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Introduction to Panic Alarms
The purpose of a panic alarm is to allow an individual under duress to quickly and silently call for help in the event of an emergency. Panic alarms are additionally called "duress alarms", "hold-up alarms", or "panic buttons".
Panic alarms are used when it could also be unsafe or uncomfortable to call for assist in other ways. For example, if a belligerent person is standing in your lobby, it may be unwise to further escalate the situation by picking up a phone to call for assistance. A panic alarm can provide a quick and handy way to summon assist without drawing attention.
Silva Consultants feels that nearly each enterprise can benefit from the use of panic alarms. Places where panic alarms could also be particularly beneficial include:
Receptionist's desks in building lobbies.
Security stations and checkpoints.
Customer service counters.
Check-out counters and cashier's stations.
Rooms where money or other valuables are received, processed, or stored.
Interview rooms in Human Resources department.
Executive office suites.
Locations the place confrontations with the public are likely to occur.
Parts of a Panic Alarm System
Panic alarms include two basic parts:
The panic button is the device that the individual prompts when he or she needs help. There are numerous styles of panic buttons available. These can have a single pushbutton, pushbuttons that should be pressed simultaneously, devices that have to be squeezed, and gadgets which might be activated by a foot or knee. There are also gadgets that may be covertly activated when money or a product is removed on the request of a robber. Most panic buttons are specifically designed to resist unintentional activation.
Panic buttons are normally installed in a location where they can easily be reached, but out of view of the informal observer. In lots of cases, panic buttons are put in on the underside of a desk or counter-top.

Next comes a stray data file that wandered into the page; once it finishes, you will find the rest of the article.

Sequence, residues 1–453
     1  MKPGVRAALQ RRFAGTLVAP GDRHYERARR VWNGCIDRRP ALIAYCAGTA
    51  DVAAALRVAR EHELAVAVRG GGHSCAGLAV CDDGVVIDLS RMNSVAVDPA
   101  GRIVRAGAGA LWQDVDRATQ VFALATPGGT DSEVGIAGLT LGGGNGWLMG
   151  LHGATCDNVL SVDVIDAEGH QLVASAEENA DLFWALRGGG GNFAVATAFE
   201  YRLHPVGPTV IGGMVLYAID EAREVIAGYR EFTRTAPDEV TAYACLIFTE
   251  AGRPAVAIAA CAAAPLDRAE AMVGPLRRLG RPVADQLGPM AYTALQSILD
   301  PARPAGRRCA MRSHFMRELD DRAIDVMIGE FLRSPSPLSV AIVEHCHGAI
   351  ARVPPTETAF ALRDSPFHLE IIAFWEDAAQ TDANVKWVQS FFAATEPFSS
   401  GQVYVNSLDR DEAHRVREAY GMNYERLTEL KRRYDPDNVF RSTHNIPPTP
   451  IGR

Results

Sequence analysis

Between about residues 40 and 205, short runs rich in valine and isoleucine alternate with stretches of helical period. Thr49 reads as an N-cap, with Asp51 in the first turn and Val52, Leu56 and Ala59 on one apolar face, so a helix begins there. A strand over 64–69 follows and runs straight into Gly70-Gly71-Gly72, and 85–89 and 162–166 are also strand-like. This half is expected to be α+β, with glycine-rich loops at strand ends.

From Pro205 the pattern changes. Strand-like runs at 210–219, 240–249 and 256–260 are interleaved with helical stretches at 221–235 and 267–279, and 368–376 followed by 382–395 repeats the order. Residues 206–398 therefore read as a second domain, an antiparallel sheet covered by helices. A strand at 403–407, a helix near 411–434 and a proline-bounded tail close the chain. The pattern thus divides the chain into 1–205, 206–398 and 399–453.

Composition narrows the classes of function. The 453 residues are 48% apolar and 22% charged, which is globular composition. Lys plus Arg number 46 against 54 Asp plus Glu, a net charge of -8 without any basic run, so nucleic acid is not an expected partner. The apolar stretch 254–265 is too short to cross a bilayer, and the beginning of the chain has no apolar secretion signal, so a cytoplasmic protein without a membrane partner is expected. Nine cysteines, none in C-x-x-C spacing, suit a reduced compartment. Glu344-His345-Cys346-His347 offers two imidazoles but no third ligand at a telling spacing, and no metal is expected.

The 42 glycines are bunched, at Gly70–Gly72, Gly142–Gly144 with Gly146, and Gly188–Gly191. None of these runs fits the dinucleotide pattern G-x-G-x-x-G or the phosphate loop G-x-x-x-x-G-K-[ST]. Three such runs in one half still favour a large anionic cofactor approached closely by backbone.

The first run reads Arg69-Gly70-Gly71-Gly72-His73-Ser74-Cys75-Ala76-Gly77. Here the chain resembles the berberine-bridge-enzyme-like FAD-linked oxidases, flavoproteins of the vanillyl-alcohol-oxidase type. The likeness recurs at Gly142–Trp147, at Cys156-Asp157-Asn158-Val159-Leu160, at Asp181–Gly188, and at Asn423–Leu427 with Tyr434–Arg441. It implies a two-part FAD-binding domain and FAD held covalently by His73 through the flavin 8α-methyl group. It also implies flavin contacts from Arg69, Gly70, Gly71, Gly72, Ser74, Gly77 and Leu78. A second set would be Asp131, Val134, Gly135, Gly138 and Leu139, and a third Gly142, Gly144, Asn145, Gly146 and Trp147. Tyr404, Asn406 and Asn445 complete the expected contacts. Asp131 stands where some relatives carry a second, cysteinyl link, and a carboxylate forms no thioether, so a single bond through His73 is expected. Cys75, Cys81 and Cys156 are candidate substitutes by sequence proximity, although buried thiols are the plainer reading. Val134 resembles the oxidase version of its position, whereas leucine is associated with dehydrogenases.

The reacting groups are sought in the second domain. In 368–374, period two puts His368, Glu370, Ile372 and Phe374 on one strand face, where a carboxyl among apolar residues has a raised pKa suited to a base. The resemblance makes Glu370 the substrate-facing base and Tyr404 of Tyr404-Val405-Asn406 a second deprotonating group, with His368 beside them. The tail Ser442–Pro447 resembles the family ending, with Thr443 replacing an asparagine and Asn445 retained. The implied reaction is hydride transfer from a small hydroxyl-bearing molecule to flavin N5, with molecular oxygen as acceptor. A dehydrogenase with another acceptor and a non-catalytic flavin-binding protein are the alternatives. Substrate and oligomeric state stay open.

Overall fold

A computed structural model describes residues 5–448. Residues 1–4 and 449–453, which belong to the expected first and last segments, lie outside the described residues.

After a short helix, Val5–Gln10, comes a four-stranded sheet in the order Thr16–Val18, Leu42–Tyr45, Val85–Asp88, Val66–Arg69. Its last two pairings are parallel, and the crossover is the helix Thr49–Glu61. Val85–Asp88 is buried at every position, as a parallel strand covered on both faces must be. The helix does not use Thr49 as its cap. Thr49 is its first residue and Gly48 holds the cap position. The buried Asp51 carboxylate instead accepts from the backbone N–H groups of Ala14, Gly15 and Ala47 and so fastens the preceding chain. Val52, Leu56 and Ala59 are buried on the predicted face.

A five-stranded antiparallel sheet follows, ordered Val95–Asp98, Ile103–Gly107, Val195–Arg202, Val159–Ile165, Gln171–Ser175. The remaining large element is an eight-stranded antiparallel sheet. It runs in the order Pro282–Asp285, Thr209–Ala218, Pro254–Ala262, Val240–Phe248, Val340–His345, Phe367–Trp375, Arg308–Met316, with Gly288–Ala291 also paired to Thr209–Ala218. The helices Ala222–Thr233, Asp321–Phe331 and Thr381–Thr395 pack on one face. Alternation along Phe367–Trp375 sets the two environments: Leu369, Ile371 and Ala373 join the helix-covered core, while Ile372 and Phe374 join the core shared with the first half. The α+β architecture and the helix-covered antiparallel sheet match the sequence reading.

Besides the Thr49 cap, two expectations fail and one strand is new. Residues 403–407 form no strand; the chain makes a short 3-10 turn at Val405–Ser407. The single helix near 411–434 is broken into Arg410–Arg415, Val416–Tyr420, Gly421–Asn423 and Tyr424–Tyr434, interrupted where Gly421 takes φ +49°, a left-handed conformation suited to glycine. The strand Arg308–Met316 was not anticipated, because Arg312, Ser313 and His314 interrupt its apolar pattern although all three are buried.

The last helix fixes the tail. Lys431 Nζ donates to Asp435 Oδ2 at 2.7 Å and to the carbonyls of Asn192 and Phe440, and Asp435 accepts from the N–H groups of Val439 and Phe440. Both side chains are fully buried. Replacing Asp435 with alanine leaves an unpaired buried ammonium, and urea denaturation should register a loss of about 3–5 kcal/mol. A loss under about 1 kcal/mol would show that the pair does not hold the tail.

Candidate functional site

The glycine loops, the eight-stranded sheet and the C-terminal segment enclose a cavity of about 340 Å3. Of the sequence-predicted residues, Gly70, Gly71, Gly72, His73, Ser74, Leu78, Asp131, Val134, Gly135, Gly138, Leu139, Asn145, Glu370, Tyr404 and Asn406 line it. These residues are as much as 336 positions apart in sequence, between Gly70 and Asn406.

Panic buttons might be the wired type or wireless type. Wired panic buttons are related using cabling. Wired panic buttons are very reliable, but it can generally be difficult and expensive to get cable to every panic button location.
Wireless panic buttons use a brief-range radio transmitter, much like that used with a garage door opener. Wireless panic buttons are straightforward to put in and may be placed just about anywhere. Wireless panic buttons can also be carried around on the premises by employees if desired. Wireless panic buttons require batteries and have to be tested regularly to guarantee that they are operating properly.
The communications system is the tactic that is used to summon help when a panic button is pressed. The type of communications system used relies upon largely on the resources available on the facility where the panic alarm is being put in and the level of security threat.
Types of communications systems used can embrace:
Communications to an off-site alarm monitoring middle:
This method would typically be used at facilities that do not have an on-site security workers, similar to at a small business. The panic buttons could be related to an alarm control panel which sends a signal to the monitoring heart when a panic button is pressed. The alarm monitoring heart would then call the police or other appropriate individuals to reply to the site.
Communications to security management middle:
Most large corporations have some type of centralized security monitoring and management heart, either on-site, or at a central location somewhere within their organization. When this type of resource exists, panic buttons are typically monitored at the control center. Most often, panic buttons are related to the group's access management and security administration system, which transmits the alarm to the control center.
When a panic button is pressed, it sounds an alarm in the security control center. The center would then dispatch local security officers and/or the police to respond to the site.
Communications to non-security personnel:
Some organizations that should not have on-site security select to inform non-security personnel when a panic button is pressed. Often, the organization will type a "response team" consisting of workers from a number of departments (Facilities, HR, etc.) and ask that these employees reply when a panic button is pressed.
There are numerous systems that can be used to inform the response workforce when a panic button has been pressed. These include can include overhead paging systems and gadgets that ship voice messages, text messages, or electronic mail messages directly to smartphones.
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